In with the new, out with the old
Time for a site refresh
After three and a half years exactly, I think it was time to rewrite my site. I know, I know, it’s basically a meme at this point, webdevs rewriting their personal site and never updating it after that. But, my skills, needs and wants have changed over time and I felt like my site was keeping me from creating content and I felt it was justified in recreating it.
This is a pretty long blog post, you’ve been warned!
The previous site
The previous version of this site had been based on a fork of Mike Riethmuller’s Supermaya Eleventy starter project. Eleventy was still pretty new at the time and there weren’t a ton of starter projects available. Supermaya kinda hit the sweet spot for me, being just enough fleshed out to get me going, but at the same it didn’t get too much in the way, which is why I originally picked it.
Supermaya was by no means perfect. I found a handful of layout issues, some markup errors with regards to accessibility and even a few bugs related to images. That’s all to be expected. Supermaya also shipped with integrations for a CMS called KeystoneJS, which I effectively tore out. I also removed stuff related to inlining CSS above the fold as headless browsers don’t tend to play nicely with WSL and I wanted to simplify the site so that it’d be easier to get an actual understanding of how it all works. After a couple of days, I had my site up and running and over the next week, I kept optimizing and fixing things.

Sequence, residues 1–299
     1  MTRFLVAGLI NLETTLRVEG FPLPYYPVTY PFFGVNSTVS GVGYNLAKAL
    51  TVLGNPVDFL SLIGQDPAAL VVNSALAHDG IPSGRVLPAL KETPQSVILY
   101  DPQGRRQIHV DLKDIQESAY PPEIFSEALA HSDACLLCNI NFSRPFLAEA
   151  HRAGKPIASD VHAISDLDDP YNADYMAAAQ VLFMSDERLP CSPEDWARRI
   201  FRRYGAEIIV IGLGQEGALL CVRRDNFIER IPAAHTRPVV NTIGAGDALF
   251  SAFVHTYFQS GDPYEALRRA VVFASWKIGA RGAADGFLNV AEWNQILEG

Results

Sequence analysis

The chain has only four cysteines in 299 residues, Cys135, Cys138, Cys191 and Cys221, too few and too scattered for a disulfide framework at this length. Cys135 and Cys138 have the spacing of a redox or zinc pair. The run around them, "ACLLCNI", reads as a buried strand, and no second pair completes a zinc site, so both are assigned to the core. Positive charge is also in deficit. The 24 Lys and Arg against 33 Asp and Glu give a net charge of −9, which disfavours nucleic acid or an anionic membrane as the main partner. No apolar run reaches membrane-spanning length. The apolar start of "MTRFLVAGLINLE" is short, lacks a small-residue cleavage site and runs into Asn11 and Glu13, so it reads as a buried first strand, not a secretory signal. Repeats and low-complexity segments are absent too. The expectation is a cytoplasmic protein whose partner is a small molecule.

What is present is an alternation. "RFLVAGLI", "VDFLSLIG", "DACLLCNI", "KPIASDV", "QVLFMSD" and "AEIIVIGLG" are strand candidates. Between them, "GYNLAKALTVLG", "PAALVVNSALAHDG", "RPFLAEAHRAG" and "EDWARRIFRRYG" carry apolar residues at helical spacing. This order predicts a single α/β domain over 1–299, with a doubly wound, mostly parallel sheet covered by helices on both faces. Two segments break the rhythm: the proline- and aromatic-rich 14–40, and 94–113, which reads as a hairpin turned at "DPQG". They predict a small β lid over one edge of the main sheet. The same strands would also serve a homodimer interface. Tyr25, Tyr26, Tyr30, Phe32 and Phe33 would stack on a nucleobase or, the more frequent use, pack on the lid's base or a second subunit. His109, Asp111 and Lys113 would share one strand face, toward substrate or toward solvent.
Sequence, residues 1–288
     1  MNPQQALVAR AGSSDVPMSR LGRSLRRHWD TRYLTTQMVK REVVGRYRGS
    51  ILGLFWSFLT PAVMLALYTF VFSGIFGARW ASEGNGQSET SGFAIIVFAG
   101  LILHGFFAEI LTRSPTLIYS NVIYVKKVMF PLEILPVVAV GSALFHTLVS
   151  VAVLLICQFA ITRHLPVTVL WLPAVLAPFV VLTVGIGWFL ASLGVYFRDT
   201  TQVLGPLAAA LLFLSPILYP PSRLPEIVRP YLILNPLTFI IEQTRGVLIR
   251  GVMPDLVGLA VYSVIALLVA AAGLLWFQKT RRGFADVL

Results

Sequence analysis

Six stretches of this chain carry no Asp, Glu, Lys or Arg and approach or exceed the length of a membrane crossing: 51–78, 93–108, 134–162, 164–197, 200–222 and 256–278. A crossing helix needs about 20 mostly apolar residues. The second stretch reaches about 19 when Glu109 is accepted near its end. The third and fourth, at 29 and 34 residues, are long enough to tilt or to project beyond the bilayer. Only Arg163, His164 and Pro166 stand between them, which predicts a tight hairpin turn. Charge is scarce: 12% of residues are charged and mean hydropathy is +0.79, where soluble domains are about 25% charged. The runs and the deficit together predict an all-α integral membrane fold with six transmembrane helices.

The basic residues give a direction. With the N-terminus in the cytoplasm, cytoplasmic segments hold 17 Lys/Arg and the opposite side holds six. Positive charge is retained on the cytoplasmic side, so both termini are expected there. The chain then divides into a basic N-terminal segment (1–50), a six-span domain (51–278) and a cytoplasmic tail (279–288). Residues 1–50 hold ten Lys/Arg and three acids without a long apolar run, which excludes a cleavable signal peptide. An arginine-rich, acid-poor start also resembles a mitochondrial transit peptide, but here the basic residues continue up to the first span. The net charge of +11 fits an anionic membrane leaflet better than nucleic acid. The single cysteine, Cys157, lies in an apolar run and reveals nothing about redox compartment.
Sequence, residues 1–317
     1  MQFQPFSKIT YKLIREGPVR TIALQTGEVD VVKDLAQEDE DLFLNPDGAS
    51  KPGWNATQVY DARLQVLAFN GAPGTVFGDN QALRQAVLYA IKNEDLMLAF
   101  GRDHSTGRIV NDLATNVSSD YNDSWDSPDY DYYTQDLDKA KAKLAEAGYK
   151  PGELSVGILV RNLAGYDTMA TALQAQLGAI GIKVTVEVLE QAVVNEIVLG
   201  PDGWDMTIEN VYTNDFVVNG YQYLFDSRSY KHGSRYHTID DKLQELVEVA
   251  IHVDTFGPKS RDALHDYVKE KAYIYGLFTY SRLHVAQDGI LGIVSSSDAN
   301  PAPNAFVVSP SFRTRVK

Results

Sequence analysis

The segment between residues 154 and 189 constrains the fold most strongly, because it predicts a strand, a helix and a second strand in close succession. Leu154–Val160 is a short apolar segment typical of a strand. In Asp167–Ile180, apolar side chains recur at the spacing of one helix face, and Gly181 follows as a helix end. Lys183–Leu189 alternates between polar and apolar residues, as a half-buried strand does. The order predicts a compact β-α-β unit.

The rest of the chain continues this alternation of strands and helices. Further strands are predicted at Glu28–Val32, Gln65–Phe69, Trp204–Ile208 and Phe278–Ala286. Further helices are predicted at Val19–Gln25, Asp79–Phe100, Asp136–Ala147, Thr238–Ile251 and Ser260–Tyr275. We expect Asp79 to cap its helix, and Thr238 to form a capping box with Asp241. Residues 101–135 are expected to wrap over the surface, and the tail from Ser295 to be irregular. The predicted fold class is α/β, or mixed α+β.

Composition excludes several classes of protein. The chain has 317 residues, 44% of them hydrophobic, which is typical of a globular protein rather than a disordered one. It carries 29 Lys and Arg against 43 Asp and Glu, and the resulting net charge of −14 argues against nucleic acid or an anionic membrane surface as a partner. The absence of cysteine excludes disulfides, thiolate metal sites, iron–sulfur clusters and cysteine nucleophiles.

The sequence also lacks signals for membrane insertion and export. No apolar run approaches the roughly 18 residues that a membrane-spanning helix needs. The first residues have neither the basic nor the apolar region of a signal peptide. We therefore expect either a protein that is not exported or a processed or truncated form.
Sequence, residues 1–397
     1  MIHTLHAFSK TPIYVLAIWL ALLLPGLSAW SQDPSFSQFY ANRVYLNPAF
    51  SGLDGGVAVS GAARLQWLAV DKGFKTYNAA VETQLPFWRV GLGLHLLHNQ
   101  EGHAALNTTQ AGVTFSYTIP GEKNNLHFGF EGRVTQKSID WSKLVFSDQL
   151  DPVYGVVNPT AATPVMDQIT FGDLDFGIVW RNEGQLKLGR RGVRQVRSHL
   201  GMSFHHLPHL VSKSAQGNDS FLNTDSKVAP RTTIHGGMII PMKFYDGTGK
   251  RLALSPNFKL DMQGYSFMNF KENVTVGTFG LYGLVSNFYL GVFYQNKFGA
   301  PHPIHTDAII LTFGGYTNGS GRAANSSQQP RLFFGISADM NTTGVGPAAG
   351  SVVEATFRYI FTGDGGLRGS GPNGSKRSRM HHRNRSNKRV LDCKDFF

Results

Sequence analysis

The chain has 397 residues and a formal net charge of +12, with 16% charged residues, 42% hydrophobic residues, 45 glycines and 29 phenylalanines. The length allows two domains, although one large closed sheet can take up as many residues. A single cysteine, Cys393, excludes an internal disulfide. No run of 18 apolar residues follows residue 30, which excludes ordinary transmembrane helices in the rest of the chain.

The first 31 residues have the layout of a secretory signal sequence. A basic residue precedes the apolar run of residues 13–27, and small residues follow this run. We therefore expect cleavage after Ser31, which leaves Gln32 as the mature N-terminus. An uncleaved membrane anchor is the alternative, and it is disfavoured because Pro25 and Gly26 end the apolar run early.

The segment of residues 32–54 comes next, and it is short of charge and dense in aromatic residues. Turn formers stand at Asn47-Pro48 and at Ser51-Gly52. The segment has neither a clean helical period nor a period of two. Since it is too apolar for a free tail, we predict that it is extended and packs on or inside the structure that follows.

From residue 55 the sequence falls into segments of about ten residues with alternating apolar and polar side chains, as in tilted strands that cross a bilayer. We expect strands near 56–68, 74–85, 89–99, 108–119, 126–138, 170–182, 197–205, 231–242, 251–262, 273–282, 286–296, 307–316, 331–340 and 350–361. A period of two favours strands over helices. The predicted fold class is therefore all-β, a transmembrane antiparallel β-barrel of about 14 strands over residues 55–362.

After some point, Mike stopped supporting and updating the site and my pull requests didn’t get merged. As it’s FOSS, I have no expectations of the sorts anyways. I personally didn’t need anything from him either but as a starter template, I’d consider it archived and maybe not the best way forward. Eventually the site broke with the latest Node.js LTS version and upgrading it ended up really hacky. I did finally manage to migrate it to Eleventy 2.0 and Node.js 18, but after all my fixes and edits, the code started to be cumbersome to maintain.
The biggest issue for me personally though was the fact that Mike has some very specific way of writing CSS layouts and I didn’t fully ever understand it. There was a lot of really elegant solutions and you could easily tell that Mike’s way of working was miles ahead of what I’m personally capable of. My code isn’t really maintainable or future proof as I’m kinda mixing two paradigms. So, I decided to start anew.
Before rebuilding my site, I personally went through some life events. We got married with my wife just over a year ago and I needed to write up a photo gallery website for our wedding photos. I built the site from scratch with Eleventy and bash and made a starter project out of it, which is available here! This was actually a really fun and teaching project, although generating json with bash the way I did it is literally the silliest way and shouldn’t be replicated.